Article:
Under Scrutiny: 8 PL managers with the most to prove next season

Under Scrutiny: 8 PL managers with the most to prove next season

22 Jul 2017, 20:30

As we approach August 11th - the new Premier League season is nearly upon us. Managers are continuing with their preparations, but some are set for more time under the spotlight than their rivals.   

Title ambitions, European football, relegation and job security are all on the line this season with varying degrees of pressure across the league, and as we prepare for the opening weekend; here are the eight managers who have the most to prove ahead of the 2017/18 season.

8. Ronald Koeman

Koeman took Everton back into the top half of the table last year in his first season at the club, delivering the type of success which he would have realistically been expected of after securing Europa League football with the Toffees.

However, after being backed so heavily this summer, Koeman now has to deliver, and there is little time to take your foot off the gas in the Premier League, so his new additions will have to adjust quickly.

The Toffees boss' ultimate ambition will be to qualify for the Champions League - for his first time in England - but the pressure will be on the Dutch manager to get his side firing on all cylinders if they have any chance of overthrowing one of the likes of Chelsea, Manchester City, Liverpool or Tottenham.

7. Slaven Bilic

The West Ham manager found his position under massive scrutiny mid-way through last season after the Hammers were pulled closer to the relegation zone, but a late campaign rally saved the Croatian's services as his side finished a modest eleventh.

It was a disappointing second season for Bilic as he fell at the first hurdle in the Europa League qualifiers and was unable to improve upon his seventh place the season prior, and now all eyes will be on the 48-year-old as he enters his third and final year of his contract.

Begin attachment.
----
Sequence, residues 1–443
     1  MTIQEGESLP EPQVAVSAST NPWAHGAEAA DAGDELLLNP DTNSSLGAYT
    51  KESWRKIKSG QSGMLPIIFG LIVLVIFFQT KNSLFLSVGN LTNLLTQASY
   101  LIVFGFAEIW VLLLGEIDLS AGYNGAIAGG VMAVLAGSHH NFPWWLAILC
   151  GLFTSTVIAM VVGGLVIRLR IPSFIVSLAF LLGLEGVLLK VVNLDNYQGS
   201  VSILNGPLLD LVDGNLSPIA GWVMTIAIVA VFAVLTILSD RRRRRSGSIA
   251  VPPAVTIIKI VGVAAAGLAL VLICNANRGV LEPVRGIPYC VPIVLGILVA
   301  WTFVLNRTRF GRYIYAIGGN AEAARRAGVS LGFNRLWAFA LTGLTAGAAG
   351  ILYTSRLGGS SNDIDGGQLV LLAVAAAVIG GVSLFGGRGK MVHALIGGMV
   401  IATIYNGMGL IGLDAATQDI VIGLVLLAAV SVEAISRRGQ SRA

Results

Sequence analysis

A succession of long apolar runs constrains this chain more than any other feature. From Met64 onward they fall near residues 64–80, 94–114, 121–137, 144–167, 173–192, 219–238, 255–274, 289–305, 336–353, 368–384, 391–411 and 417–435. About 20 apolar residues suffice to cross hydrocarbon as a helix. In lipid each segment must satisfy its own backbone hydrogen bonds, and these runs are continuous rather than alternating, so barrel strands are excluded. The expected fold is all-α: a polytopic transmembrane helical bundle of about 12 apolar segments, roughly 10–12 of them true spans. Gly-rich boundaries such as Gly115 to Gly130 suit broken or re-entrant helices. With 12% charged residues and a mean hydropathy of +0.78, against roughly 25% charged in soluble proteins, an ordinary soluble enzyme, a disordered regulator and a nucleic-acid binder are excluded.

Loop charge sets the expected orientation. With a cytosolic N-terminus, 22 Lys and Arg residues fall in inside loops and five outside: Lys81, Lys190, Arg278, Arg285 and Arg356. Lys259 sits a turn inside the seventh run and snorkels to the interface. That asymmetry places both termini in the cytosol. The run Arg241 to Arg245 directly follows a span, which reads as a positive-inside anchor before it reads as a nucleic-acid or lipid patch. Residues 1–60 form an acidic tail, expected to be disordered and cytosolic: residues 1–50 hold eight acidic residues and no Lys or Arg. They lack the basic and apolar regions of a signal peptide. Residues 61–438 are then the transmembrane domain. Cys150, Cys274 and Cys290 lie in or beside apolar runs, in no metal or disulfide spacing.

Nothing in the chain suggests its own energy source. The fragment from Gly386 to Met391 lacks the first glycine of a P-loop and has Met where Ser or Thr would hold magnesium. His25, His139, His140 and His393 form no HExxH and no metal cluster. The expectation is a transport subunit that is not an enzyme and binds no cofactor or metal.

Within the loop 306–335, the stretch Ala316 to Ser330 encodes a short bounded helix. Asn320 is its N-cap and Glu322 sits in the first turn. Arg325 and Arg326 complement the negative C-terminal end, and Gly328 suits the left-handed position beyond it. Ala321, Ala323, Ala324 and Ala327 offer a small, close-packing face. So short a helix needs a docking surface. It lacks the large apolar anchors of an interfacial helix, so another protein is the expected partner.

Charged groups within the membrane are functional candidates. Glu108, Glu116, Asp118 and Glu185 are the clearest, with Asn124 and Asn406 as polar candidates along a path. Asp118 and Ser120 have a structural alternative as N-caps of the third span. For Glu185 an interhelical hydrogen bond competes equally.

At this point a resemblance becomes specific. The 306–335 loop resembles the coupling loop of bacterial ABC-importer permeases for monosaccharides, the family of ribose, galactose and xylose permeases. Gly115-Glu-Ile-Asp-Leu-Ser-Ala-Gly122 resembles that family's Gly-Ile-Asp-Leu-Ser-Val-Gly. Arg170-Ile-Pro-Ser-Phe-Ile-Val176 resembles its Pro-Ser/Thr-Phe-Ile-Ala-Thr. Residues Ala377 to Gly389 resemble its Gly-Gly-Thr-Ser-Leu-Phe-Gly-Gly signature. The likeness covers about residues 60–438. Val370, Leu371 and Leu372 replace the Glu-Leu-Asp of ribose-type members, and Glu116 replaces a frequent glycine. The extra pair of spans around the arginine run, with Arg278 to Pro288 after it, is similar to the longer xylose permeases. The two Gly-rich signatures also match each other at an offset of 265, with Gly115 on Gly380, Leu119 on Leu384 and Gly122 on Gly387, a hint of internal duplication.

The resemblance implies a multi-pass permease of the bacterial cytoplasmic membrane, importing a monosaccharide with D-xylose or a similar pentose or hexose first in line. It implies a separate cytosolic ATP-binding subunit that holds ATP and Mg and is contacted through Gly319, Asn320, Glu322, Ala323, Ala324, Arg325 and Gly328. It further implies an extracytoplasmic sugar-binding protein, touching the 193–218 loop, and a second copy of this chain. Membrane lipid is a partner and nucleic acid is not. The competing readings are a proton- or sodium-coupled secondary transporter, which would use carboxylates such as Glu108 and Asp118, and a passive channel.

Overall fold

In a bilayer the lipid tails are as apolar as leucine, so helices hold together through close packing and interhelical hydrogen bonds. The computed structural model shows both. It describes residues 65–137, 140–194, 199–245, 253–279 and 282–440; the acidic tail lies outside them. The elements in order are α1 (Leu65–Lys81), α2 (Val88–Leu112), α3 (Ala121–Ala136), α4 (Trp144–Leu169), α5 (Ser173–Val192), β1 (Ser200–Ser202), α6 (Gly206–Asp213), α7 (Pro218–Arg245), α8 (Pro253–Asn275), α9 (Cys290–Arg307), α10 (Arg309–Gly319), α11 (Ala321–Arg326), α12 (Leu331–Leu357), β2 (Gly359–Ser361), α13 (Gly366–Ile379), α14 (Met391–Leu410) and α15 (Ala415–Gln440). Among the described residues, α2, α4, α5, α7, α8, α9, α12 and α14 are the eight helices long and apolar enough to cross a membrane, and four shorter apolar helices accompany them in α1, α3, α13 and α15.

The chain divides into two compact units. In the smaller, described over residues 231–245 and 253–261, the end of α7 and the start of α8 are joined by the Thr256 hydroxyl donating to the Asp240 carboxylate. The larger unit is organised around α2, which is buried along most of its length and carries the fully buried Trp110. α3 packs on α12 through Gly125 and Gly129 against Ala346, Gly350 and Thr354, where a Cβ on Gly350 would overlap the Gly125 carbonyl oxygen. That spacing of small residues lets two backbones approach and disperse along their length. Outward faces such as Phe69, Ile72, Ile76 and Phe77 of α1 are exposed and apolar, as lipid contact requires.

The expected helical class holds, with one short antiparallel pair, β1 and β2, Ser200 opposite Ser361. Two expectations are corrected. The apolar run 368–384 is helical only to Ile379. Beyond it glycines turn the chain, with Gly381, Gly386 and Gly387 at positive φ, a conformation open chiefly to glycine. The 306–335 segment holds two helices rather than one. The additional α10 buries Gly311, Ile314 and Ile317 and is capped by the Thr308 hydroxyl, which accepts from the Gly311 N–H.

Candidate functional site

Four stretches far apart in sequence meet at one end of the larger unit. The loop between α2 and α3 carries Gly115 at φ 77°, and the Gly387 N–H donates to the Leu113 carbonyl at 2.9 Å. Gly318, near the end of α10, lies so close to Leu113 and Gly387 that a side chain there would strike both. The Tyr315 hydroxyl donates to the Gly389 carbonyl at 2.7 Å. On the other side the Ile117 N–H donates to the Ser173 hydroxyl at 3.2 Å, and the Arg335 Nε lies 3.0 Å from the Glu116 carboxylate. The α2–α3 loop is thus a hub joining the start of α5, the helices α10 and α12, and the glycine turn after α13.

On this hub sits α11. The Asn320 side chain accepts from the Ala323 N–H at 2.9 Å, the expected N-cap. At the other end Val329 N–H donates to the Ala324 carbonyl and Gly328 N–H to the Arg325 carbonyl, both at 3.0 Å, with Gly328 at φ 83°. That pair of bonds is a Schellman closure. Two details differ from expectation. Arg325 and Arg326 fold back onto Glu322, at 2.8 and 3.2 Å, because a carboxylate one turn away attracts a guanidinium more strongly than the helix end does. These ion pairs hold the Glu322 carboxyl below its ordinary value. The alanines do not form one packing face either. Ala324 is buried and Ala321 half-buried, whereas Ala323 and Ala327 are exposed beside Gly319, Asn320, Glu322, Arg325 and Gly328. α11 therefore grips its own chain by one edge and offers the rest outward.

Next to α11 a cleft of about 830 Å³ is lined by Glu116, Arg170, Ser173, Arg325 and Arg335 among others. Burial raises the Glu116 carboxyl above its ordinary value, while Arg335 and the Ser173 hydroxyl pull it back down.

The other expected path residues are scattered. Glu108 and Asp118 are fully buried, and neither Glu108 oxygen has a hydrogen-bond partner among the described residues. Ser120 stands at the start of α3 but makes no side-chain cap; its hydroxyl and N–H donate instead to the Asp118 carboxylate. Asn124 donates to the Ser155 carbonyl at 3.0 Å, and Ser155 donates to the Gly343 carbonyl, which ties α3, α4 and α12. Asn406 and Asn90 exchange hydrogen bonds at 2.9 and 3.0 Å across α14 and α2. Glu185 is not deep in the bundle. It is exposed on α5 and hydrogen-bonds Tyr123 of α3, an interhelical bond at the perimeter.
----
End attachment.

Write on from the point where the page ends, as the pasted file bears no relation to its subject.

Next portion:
6. Jurgen Klopp

The Reds' boss took his side to a Champions League qualification spot for only the second time in eight-years, a major step in the right direction for Liverpool after they seemed to have been cut adrift from the league's top spenders.

Despite dominating the charts in wins against the top six last season, Klopp's side failed to find a way to breakdown deep sitting opposition from sides towards the bottom of the table, so progress has to be made against ‘small’ teams to prevent their devastating counter-attacks.

Perhaps, the German needs to show his experience and ability to be a title contender next season.

5. Mauricio Pochettino

Well well… Hasn’t he been phenomenal - but unfortunately, Pochettino has overseen two seasons of Tottenham falling just short of the title, they were the closest challengers to Leicester and Chelsea but they were never really in the running as they'd simply left their runs too late.

The Argentine is due significant credit for taking Spurs to their record league points tally (86) last term, but the elephant remains in the room that he has yet to acquire silverware as a manager. It is likely to be only a matter of time before he breaks his duck, but after three seasons his time has to be now.

The pressure ultimately now comes down to the fact that Wembley will be Spurs’ new home stadium for the next year. The width of the pitch and lack of atmosphere the national stadium generates is a whole new ball game, but if he can do it then he may just have clubs across Europe beckoning for him.